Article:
Review: “The Hammer of Eden,” Ken Follett

Pros: Surprisingly engrossing bad guys
Cons: Predictable
Rating: 2.5 out of 5

Priest and Star just want to remain in their commune/winery. Unfortunately, they’re being evicted from their leased land by a government that wants to build power stations. Priest, who has a very shady history, decides the way to save his home is by forcing the Governor to put a freeze on all power station projects. To that end, he creates a fake organization called the Hammer of Eden, and threatens to create an earthquake if he doesn’t get what he wants. Thanks to the knowledge and interests of some of his neighbors at the commune, he’s pretty sure he can accomplish this–as long as he steals some specialized equipment and some technical data. Then he just has to avoid capture and keep his little band of idealists together–even though what he has planned could kill thousands of people.

 

Ken Follett’s The Hammer of Eden is a fairly straightforward story in which the FBI goes up against some rather unconventional terrorists who are using an unexpected and unlikely threat to try to achieve their goals. I was never quite sure how Priest’s plan was supposed to work, mind you–his idea was that the moment the project was put on hold they’d be allowed to stay at their winery/commune. Given the rate at which government bureaucracy moves, however, I’d think that getting their eviction from their leased land reversed would take more than that. (They were literally running up against their deadline to leave by the end.) So I have some doubts that there was really any point to his plans in the first place, but oh well.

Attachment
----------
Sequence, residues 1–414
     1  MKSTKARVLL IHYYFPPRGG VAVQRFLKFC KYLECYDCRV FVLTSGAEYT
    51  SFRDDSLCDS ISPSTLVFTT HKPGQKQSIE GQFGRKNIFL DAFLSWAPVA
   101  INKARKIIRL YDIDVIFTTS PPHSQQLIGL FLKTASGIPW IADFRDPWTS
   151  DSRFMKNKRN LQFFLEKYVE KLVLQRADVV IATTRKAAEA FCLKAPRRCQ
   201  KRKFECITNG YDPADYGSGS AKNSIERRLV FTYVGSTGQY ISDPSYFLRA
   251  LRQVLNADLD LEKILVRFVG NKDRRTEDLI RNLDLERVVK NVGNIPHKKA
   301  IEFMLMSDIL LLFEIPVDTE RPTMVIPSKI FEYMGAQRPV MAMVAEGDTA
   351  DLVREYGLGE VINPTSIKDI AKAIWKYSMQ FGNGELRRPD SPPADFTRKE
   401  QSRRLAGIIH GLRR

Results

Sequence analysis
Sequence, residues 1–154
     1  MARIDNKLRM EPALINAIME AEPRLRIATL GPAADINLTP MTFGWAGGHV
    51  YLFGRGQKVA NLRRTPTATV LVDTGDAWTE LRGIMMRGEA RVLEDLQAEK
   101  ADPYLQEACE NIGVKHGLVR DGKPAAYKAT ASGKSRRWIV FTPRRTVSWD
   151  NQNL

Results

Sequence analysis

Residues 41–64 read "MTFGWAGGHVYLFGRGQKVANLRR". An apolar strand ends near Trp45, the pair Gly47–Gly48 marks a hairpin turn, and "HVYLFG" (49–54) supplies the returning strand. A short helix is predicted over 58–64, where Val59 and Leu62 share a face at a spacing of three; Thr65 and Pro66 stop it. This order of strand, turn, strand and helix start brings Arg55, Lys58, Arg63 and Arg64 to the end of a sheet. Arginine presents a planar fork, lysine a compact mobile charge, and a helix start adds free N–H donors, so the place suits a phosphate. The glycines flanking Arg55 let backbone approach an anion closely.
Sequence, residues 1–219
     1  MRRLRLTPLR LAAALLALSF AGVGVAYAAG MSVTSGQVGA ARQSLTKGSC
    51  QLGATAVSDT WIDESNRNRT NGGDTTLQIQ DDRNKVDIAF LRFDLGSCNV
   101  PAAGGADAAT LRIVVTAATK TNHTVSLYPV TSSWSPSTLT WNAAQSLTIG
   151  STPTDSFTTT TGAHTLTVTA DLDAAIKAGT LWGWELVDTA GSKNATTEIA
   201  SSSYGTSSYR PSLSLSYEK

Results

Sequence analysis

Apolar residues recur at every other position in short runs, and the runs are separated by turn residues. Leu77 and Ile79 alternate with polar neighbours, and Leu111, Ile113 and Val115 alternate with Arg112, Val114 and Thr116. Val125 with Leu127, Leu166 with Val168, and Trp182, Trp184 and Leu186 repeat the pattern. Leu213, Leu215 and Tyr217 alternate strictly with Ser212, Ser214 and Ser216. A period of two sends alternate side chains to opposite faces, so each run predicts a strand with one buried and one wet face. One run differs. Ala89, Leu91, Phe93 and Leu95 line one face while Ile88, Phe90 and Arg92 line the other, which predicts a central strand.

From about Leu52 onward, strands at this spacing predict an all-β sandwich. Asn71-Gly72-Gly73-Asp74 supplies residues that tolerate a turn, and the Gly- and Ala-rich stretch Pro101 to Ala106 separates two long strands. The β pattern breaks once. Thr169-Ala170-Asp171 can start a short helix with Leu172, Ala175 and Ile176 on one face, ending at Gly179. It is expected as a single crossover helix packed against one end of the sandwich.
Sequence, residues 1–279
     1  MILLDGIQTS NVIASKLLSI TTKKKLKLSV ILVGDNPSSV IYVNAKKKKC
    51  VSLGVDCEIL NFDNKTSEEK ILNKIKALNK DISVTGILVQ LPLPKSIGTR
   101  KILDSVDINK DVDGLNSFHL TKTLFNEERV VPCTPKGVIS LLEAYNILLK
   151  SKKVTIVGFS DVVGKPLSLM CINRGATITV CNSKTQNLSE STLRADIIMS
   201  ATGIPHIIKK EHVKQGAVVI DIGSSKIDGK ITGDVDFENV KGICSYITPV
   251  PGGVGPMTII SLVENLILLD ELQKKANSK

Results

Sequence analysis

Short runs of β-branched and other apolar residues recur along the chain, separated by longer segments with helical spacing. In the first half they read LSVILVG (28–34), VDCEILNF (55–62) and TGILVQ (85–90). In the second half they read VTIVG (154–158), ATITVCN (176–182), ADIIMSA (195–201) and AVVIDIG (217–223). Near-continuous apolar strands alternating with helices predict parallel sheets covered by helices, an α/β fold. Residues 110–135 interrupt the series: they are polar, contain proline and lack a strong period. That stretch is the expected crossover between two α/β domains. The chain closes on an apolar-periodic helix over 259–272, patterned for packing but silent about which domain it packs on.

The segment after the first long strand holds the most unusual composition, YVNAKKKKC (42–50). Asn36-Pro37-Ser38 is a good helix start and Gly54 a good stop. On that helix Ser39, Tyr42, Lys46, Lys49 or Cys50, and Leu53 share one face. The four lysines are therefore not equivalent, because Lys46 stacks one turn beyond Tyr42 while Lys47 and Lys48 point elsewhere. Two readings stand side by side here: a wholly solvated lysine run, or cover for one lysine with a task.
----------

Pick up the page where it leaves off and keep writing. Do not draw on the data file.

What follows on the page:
I found Priest to be a fascinating character. He had lots of depth, and it was easy to get wrapped up in what he was doing, even if you didn’t want him to succeed. That’s really tough for a writer to accomplish. I also found Star, one of his accomplices, to have some nice nuance to her. Unfortunately Follett didn’t accomplish the same with the rest of his characters–most strikingly, his FBI good guys. The good-guy-bad-guys (i.e., the higher-ups at the FBI who inevitably try to screw with Judy, the main ‘good guy’ FBI character) are incredibly one-dimensional, stupid, and nasty; there’s no hint of the abilities or judgment that got them to where they were. Priest was well-drawn enough that other flat characters stand out. As for Judy, well, she was interesting I guess, but she didn’t engage me as much as Priest did. Nor did her romantic interest, a rather rude seismologist.

The earthquake plan kept things somewhat fresh and interesting and injected unusual obstacles into the plot. However, all of those twists and turns played out in a very predictable fashion. I never felt much doubt, surprise, or tension as to what might ultimately happen–the thriller didn’t entirely thrill me.

All in all this could be an interesting beach read if it’s the sort of story you’re in the mood for, but it isn’t great.

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